When you go to a wedding, you don’t expect to run out of wine, because those numbers have been calculated to make sure that doesn’t happen. But, in the second chapter of John, that’s exactly what occurred. Back then there was no church yet. The lines weren’t yet drawn between Christians and non-Christians. Jesus got invited to everything! He was a popular guy and people loved having him around. I imagine he was the life of the party.
At this particular wedding, Jesus, his mother, Mary, and the disciples had all been invited. It may seem odd that this was to be Jesus’ first miracle. But where else to be the perfect time to unveil the King of kings? These weren’t necessarily believers at this wedding, but the miracle would make an impact on those who realized what had happened.
Is this where we as Christians go wrong? We invited people to our church because we want them to be saved, but they may not feel comfortable in our “world”. What if we flipped things around and earn the trust and the right to be invited into their world and their parties, and their lives. Kind of a novel idea, but one that has stayed with me after Jon, our pastor, made this point during this sermon.
Running out of wine was a no-no. When Mary suggested that Jesus could rectify the situation he argued that his time had not yet come. Mary might have been a bit pushy here, but what mother doesn’t try to show off what their children can do? So, instead of telling the servants what to do, she instructs them to do what Jesus tells them.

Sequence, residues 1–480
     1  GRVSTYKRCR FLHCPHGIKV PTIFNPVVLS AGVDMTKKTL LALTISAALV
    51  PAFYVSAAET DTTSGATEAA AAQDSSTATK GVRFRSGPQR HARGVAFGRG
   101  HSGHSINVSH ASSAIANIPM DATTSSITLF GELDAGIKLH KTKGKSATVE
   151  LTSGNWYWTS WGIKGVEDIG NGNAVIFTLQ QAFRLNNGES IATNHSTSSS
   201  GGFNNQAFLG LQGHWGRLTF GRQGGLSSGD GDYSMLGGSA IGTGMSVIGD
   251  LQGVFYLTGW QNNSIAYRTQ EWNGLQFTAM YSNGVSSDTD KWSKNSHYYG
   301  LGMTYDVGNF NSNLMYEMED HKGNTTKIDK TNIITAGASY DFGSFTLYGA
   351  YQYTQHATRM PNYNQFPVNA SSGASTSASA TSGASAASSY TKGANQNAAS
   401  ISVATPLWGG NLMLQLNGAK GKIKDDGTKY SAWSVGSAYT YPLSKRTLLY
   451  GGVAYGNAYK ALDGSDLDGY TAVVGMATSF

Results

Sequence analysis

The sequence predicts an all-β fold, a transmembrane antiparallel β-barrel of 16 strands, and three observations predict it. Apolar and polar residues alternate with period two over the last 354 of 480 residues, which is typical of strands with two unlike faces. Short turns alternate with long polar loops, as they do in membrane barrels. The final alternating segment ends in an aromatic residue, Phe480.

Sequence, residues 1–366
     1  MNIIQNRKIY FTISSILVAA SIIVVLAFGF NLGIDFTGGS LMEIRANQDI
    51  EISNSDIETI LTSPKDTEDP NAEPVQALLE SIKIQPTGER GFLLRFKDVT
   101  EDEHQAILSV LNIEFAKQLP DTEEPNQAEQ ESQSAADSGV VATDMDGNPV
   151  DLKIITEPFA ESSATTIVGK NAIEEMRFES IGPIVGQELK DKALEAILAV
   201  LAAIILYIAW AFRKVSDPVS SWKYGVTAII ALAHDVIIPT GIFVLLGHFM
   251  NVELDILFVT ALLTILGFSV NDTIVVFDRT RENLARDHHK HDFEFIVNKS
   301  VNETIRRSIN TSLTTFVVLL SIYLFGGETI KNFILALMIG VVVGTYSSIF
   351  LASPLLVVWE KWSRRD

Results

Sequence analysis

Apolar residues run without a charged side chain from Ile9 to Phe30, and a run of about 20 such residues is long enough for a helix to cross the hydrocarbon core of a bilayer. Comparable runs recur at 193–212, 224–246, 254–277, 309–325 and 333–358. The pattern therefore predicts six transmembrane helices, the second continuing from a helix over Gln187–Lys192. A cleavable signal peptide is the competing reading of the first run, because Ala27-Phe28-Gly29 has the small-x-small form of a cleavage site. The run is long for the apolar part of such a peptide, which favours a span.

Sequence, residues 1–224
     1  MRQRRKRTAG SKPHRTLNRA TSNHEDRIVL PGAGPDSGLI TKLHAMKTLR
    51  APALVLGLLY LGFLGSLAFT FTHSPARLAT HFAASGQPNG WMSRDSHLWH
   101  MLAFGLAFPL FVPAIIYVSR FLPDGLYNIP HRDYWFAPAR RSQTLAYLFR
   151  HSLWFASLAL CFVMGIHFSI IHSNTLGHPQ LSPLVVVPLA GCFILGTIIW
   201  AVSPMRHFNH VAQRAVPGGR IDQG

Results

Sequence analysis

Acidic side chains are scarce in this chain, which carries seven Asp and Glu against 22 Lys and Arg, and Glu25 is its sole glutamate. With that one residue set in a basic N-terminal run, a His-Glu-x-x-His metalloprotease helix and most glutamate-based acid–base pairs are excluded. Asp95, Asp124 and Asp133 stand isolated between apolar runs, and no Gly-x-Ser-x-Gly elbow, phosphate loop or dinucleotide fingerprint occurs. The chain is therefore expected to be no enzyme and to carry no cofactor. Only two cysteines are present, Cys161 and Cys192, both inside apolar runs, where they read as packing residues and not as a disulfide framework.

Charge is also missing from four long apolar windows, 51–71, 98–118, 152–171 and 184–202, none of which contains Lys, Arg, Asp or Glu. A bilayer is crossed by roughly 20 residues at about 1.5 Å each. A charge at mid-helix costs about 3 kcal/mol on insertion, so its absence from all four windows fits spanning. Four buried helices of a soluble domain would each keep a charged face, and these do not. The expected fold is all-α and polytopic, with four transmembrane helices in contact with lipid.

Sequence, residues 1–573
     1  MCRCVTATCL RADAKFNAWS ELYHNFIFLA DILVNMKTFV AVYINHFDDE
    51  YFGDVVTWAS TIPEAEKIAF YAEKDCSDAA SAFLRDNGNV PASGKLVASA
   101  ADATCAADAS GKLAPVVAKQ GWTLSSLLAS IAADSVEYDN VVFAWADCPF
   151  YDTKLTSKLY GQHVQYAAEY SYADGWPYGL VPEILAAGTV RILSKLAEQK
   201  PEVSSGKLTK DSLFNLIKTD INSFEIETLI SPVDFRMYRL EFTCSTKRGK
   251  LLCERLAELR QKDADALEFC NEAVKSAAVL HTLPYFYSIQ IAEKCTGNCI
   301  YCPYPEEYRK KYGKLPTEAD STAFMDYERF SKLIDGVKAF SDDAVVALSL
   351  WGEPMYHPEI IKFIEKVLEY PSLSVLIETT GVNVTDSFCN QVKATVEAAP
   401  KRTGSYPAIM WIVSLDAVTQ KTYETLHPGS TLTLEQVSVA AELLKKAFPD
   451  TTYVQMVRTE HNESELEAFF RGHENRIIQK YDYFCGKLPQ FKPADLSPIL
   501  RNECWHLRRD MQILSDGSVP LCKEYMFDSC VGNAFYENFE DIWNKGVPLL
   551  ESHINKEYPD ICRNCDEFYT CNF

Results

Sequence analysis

Jesus could have done this miracle all by himself, but by having others get the water, he drew them into the miracle. By themselves, they could do nothing. But with Jesus, water was turned into wine. The servants obeyed, filling the jars to the brim with water.
Jesus tells the servants to draw out of the jar and take a drink to the master of the banquet to taste. He draws the groom aside and comments on saving the best wine for last. Most people serve the best wine first and serve cheap wine later when people won’t notice the difference. The wedding crashers and late arrivals would certainly have gotten the best of the wine.
It the same with with all who come to accept Jesus as their Savior. Grace, forgiveness is the same no matter when we accept the gift. It matters not our station in life, only that we trust and believe in Christ.
We all have hope in the story of Christ.
Do what Jesus tells us.
Hope changes the way we live.
We must earn trust and respect to be invited into the lives of those around us. That’s how we reach others and bring them into the Kingdom.
This was one of those sermons that resonated with me. Maybe because I looked at Jesus’ first miracle in a new way. I never thought about the fact that the church hadn’t formed yet or that inviting people into our churches may not be the best way to show them the love of Christ. Seeing them in their own comfort zone without feeling judgment may just be what people need to open their eyes to the hope they can find in Jesus.